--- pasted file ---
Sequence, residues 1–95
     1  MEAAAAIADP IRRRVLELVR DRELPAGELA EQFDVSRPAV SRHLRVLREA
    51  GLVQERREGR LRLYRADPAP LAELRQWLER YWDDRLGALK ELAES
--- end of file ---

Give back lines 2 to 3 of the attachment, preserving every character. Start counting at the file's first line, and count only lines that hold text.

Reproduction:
     1  MEAAAAIADP IRRRVLELVR DRELPAGELA EQFDVSRPAV SRHLRVLREA
    51  GLVQERREGR LRLYRADPAP LAELRQWLER YWDDRLGALK ELAES